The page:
In Memoriam: Alfred F. Young
I met Al Young in the doorway of the Clements Library in Ann Arbor on the morning before the first Annual Meeting of the Omohundro Institute held in that town in 1995. When I somewhat bashfully introduced myself to “Professor Young” he quite literally barked the instruction to “call me AL!!” He invited me to give two papers on different projects to his seminar at the Newberry Library within an almost unseemly short interval of time, which was at least one more than they or probably I merited in that context. He put me up one night in his house in Oak Park on one of those occasions and we stayed up late talking about his project that became Masquerade. Or he stayed up, while I struggled with far less energy or stamina than he was displaying to stay in the conversation. I think that one of his contributions to the literature that may be less remembered was his vigorous rebuttal in about 1978, in the AHA “Newsletter,” the predecessor to Perspectives, to the emerging argument that would have blamed the “job crisis” on the purportedly reckless proliferation of Ph.D. programs in less “elite” institutions than the ones whose members were generating that critique. The high quality of the doctoral program that he was even then building and continued to build at Northern Illinois was its own irrefutable illustration of the eloquent points he made on that occasion.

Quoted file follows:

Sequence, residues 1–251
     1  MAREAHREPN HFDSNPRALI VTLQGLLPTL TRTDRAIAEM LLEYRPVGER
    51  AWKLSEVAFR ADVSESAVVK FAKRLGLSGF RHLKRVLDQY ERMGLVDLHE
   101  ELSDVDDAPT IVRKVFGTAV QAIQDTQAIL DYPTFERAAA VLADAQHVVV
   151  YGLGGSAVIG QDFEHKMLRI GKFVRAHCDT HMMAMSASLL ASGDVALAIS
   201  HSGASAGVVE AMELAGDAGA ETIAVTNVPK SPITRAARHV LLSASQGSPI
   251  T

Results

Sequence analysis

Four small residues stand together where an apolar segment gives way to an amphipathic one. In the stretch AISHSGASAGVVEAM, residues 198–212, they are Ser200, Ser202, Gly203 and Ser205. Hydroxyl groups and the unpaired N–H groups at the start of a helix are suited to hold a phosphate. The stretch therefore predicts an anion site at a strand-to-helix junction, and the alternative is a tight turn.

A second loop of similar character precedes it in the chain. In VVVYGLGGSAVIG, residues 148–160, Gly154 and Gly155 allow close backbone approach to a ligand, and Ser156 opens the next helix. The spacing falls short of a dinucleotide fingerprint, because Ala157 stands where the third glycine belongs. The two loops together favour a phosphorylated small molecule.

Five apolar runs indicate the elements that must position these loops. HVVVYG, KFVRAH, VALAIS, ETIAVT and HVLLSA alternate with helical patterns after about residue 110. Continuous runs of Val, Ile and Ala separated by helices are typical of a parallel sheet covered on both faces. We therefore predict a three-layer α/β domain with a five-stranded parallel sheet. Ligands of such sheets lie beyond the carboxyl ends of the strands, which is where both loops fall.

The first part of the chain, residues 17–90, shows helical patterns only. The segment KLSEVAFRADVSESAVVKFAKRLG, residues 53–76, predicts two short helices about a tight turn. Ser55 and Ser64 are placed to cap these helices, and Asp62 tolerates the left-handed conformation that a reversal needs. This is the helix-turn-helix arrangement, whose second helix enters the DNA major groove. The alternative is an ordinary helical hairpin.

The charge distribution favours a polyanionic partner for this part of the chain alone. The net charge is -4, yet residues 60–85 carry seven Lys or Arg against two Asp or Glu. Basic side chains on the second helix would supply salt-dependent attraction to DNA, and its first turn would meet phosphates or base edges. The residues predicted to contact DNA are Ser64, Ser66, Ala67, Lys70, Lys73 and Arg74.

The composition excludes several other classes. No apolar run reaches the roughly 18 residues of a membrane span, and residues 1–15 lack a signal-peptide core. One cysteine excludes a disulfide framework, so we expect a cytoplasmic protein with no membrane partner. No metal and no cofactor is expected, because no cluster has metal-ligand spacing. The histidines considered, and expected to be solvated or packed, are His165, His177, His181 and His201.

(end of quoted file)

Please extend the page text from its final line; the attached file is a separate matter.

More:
Wayne Bodle, Indiana University of Pennsylvania